Google has steadily argues that Apple’s patent fight with Samsung isn’t about intellectual property, it’s about shutting down the competition. Apple’s injunction against the Galaxy Tab 10.1 was upheld in Australia today, and if other courts see this as precedent, that very well could happen. The patents in question are so far-reaching that, in Australia at least, the ruling could prevent any other Android tablets from being sold.
The conclusion comes from FOSS Patents is that the patents are “broad enough in scope that Google and its OEM partners can’t work around them without rendering their products less appealing, or even entirely unappealing, to consumers.” What’s even more disturbing is the idea that courts in Germany, the United States and elsewhere could take the Australian ruling as the go-ahead for similar cases in other countries, effectively shutting down Android tablets wherever Apple chooses to fight them.
It’s not all bad news. In the Netherlands Samsung has maneuvered around Apple’s last patent when it comes to the Galaxy S II, allowing them to sell the phone freely in the territory. But the Aussie patents cover “multipoint touchscreens” and “graphical user interface for determining commands by applying heuristics”, methods that if successfully blocked make modern tablets almost impossible. Similar patents are under dispute in the American patent case, with none other than Steve Jobs listed as the inventor. In the United States Google, Verizon and T-Mobile have supported both Samsung and HTC in their defense against Apple, but the friend of the court filings may be too little, too late.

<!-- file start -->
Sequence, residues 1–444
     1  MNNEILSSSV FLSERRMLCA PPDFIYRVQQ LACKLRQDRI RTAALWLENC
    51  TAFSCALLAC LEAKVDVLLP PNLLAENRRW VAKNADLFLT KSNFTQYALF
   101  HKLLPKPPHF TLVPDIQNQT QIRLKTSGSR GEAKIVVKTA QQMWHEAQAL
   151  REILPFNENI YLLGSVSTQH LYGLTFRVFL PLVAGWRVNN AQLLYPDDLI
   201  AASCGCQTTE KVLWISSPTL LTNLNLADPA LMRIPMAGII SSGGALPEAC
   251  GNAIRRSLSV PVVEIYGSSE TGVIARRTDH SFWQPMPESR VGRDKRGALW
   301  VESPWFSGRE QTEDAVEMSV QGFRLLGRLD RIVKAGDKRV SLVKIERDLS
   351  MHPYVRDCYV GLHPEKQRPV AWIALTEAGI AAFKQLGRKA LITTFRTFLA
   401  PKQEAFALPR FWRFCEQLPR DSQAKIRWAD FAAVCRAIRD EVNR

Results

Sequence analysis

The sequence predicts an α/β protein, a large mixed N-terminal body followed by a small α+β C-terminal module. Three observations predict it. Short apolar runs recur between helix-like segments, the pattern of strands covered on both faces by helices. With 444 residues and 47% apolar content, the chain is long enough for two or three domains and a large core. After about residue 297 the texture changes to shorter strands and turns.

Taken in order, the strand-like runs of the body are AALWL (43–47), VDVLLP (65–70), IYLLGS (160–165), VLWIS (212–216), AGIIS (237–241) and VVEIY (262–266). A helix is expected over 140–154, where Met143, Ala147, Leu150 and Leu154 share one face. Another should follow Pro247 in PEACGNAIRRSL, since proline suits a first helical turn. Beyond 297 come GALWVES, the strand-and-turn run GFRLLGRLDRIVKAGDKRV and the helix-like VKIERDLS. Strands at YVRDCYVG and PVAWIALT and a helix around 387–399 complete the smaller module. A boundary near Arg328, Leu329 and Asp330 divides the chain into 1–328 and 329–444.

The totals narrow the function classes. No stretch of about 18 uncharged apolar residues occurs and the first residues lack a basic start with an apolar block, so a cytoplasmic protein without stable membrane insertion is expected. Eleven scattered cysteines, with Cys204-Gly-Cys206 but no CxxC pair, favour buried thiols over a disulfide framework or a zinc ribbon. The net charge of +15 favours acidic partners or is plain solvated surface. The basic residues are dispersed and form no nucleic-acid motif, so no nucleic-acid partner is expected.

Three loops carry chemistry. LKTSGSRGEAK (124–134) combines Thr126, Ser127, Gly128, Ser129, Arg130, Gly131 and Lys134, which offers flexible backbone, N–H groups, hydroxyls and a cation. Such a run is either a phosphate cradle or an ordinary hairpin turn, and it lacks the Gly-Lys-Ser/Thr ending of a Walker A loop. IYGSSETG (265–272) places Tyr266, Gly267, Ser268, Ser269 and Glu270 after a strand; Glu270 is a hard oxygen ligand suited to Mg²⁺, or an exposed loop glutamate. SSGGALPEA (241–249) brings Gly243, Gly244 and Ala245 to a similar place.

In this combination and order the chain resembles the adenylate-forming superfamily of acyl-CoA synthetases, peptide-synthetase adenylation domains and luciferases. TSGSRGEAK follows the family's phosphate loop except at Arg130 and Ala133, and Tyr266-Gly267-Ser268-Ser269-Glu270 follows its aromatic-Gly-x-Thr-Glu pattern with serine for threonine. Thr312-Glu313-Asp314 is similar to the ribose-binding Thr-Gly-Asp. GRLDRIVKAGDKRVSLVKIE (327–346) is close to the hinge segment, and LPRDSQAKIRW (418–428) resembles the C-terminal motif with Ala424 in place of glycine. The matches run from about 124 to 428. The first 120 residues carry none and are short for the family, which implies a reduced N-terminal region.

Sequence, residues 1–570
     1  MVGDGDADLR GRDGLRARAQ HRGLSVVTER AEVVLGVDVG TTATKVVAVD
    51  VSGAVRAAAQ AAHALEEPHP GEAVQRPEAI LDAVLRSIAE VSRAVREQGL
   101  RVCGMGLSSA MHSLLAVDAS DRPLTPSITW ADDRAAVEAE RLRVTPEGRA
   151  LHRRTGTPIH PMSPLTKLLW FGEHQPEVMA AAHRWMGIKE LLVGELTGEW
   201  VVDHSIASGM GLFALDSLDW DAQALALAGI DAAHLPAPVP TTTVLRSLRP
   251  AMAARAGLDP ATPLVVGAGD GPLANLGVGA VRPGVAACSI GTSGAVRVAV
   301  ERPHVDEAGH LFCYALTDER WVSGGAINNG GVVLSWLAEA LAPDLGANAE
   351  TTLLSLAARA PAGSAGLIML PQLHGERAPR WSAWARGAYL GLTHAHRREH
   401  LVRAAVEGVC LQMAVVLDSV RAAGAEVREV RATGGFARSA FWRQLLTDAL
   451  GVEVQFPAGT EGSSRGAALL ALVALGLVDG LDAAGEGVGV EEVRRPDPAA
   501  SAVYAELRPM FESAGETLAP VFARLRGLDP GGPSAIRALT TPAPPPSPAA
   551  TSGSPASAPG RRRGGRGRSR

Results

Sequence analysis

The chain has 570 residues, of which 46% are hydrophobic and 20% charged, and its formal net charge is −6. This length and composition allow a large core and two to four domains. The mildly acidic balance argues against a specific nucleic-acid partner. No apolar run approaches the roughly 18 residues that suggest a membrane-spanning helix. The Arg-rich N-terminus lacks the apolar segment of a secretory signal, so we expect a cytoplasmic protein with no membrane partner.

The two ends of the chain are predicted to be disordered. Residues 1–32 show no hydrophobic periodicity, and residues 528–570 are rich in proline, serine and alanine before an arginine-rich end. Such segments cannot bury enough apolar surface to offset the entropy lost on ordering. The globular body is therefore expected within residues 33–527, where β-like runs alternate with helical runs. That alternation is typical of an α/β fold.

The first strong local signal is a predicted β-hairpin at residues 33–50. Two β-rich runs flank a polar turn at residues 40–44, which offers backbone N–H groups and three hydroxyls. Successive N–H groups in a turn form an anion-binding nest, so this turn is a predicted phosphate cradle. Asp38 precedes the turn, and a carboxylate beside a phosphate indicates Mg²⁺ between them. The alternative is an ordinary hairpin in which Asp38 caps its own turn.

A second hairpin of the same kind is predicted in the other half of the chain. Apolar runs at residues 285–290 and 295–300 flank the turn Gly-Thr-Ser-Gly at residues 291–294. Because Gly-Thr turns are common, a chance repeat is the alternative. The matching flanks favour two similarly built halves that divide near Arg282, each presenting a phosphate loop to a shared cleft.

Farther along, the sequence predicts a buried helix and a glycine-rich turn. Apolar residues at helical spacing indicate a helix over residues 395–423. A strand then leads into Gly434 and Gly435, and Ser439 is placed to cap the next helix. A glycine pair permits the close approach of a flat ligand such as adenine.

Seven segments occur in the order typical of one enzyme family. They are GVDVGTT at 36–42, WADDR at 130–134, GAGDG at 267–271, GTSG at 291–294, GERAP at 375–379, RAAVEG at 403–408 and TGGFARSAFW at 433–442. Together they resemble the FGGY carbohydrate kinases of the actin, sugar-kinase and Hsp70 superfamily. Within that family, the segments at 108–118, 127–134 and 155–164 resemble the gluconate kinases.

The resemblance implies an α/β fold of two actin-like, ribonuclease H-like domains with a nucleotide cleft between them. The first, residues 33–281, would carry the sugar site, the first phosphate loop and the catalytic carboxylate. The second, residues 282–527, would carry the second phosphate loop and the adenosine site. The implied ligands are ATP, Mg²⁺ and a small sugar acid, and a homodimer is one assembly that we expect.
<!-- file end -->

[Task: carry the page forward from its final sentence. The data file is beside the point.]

The opinions in the FOSS piece are just that, opinions. But it’s not outside the realm of possibility that Apple intends to keep its lead in the tablet market by hammering its competitors with the court systems. After all, they’re losing the market share battle to Android in the smartphone world already – why would they let it happen again for the iPad? Time will tell if the legal technique is a success, but suffice it to say, if you’re thinking about buying a Galaxy Tab 10.1, you might want to do it sooner rather than later.[device id=89] [via SlashGear]